Globe and Mail Update
Janusz Zurakowski was chosen to take Canada's first supersonic fighter jet on its maiden flight one blustery March morning almost 46 years ago.
And though he vowed never to fly again after development of the Avro Arrow was suddenly cancelled 11 months later, his reputation as an accomplished pilot and gentleman continued to soar.
His decision to stay on the ground capped a long and daring career: He fought in the Royal Air Force during the Second World War; stunned British spectators at a 1951 air show by performing the first new aerial manoeuvre in 20 years Zurabatic cartwheel and became the first to break the sound barrier in a Canadian aircraft.
"Jan was different from other test pilots I met," Jim Floyd, the director of engineering at Avro when the Arrow was cancelled, once told The Globe and Mail in an interview. "He combined superb skill with tremendous courage...and he was a classy human being."
Mr. Zurakowski died peacefully at his home in Barry's Bay, Ont. on Monday evening. He was surrounded by his wife of 55 years, Anna, and two sons George and Mark. He also leaves five grandchildren. Mr. Zurakowski had been battling a rare blood disorder called myelodysplasia for nearly two years, succumbing to the illness at 89.
Despite his countless achievements in the air, he was cherished by friends and colleagues for being down to earth.
"I've known him for 15 years and I never saw any conceit," said Marek Kusiba, the pilot's friend and biographer.
Mr. Zurakowski once showed Mr. Kusiba a news article that had been published in The Toronto Telegram in 1952 -- the year the pilot moved to Toronto from Britain to work for A.V. Roe Canada Ltd.
In it, Mr. Zurakowski was described as "small, balding and anything but a test pilot," Mr. Kusiba recalled. "He just laughed about it, and said 'according to this report I should be a Hollywood macho man, like Gary Cooper or Ernest Hemingway.' After being through so much in his life, he always knew how to put things in perspective."
Janusz Zurakowski was born on Sept. 12, 1914 in Ryzawka, Russia, the third child of a Polish doctor and a young housewife. When he was six, the family fled Soviet Russia and settled in Garwolin, a town south of Warsaw.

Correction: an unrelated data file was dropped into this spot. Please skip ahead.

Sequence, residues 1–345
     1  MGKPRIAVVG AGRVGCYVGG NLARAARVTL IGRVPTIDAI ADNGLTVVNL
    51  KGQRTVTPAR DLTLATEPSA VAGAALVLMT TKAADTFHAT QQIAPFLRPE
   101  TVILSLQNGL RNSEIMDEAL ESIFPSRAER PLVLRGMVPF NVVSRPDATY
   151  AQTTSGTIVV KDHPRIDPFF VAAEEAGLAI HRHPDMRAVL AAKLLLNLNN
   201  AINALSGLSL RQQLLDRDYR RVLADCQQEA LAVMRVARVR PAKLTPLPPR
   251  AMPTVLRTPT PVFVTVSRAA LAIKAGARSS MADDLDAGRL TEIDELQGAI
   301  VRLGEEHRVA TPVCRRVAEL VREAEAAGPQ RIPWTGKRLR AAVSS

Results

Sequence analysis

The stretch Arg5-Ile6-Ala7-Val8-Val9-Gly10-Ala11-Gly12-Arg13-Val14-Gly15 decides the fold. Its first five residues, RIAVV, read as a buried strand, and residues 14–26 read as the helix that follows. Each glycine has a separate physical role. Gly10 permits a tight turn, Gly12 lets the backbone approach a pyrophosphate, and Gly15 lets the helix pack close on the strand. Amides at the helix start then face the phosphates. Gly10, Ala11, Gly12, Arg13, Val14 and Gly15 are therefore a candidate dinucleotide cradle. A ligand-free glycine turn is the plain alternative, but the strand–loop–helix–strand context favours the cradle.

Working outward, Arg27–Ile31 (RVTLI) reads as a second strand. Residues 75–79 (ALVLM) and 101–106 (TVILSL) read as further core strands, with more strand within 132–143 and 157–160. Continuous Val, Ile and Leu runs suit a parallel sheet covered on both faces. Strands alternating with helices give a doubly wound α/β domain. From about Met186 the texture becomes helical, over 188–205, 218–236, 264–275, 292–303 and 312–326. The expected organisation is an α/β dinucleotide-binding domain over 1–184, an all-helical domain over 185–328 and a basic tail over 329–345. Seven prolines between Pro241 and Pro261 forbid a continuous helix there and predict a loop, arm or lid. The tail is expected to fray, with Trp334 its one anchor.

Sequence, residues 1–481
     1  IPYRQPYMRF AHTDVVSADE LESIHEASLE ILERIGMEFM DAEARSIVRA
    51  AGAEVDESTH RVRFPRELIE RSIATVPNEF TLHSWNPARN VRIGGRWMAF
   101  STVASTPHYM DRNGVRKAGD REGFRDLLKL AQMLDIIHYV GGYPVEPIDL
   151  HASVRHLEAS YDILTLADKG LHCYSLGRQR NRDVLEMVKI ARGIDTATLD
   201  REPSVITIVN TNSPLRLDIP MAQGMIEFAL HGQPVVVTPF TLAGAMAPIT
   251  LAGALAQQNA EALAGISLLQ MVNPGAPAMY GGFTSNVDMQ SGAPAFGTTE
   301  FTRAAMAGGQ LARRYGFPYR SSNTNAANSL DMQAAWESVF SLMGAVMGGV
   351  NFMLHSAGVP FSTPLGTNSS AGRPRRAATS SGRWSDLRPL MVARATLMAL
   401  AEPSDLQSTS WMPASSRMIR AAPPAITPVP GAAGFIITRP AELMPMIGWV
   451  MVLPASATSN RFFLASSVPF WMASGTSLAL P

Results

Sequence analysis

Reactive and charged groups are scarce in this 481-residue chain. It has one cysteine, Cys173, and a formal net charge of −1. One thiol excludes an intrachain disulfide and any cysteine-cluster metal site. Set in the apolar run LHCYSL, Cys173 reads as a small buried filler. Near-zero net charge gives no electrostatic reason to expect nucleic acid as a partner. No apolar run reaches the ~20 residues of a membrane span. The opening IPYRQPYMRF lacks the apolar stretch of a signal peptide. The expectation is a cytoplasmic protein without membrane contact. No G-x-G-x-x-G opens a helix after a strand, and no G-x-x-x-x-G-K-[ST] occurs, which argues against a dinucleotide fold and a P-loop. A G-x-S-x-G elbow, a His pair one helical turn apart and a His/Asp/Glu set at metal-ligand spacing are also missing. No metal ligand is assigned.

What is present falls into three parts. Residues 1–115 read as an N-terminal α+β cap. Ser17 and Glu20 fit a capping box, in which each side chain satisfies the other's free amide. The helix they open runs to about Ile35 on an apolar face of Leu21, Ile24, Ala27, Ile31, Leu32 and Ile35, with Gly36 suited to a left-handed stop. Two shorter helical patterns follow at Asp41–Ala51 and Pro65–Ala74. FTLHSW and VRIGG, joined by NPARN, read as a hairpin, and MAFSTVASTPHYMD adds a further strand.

As a boy of 15, Mr. Zurakowski took his first ride in a glider and was completely enchanted. He then resolved to spend the summers of his youth at the Polichno-Pinczow Gliding School in southern Poland, where his fondness for flying only deepened.
The young adventurer next set his sights on airplanes, much to the annoyance of his father, who had envisaged him becoming a doctor.
He applied to an aviation school, but was rejected for failing the medical test as the result of a "mysterious" illness, eventually discovering that his father had asked colleagues to rig the results.
Still, Mr. Zurakowski remained adamant about flying, and at 20 joined the Polish Air Force. Five years later, and a day after Hitler invaded Poland, he engaged in his first air combat.
The following summer he and members of the Polish Squadron fought in the Battle of Britain, in which he shot down three German planes and received the British Cross of Valour and bar.
He was known for a quirky habit he developed of planting gardens at the air bases where he was posted, his wife once told the Globe. Even when his colleagues remarked that it was pointless because the base was so transient, he insisted the plants could still be enjoyed by others.
After war's end, he was eventually posted at the Aircraft and Armament Experimental Establishment in Boscombe Down, where he tested Britain's first jet fighter, the de Havilland Vampire.
In 1952, the Zurakowskis decided to move to Canada, where Janusz worked as a test pilot for A.V. Roe Canada Ltd. "It's a great loss to the Gloster Aircraft Co." the Gloster Bulletin in Britain wrote, "he will be missed by everyone."
After successfully unveiling the CF-100 and the CF-105, or Avro Arrow, Mr. Zurakowski was forced into yet another transition when the Diefenbaker government put a sudden end to the Arrow project. Though he had received lucrative job offers following the Arrow's cancellation, his heart had been broken by the industry and he opted for a life without flying.
He and Anna and their sons moved to a remote area in northern Ontario and built a tourist lodge called Kartuzy, where Mr. Zurakowski would spend the next 44 years until his death.
Despite being chastised by his friends and colleagues for dropping out of aviation and retreating into the woods, he shrugged off their criticism and relished the simpler life, designing and building boats and working in the garden.
Still, Mr. Zurakowski's contributions to aviation could not be buried.
In 1973, he was inducted into Canada's Aviation Hall of Fame and in 1996, the Royal Canadian Mint issued a $20 coin bearing his cameo. Last summer the residents of Barry's Bay built the Zurakowski Park and Museum in his honour.
A day after his death, his 20-year-old granddaughter Krysia reflected on the immense influence the late pilot had on her life.
"He was a role model, but he was also a grandpa," she said. "He was someone to look up to for his great skill in aviation, but he never showed the slightest bit of arrogance."
As a young girl Ms. Zurakowski and her grandfather spent hours immersed in conversation about flying, an interaction that inspired her current pursuit of a university degree in aerospace engineering as well as her role as an officer with the Cadets Instructor Cadre.
"I wanted to take him in a glider with me, but I never got the chance to do it before he got sick," Ms. Zurakowski said. "Every time I go into the air, I'll think of him."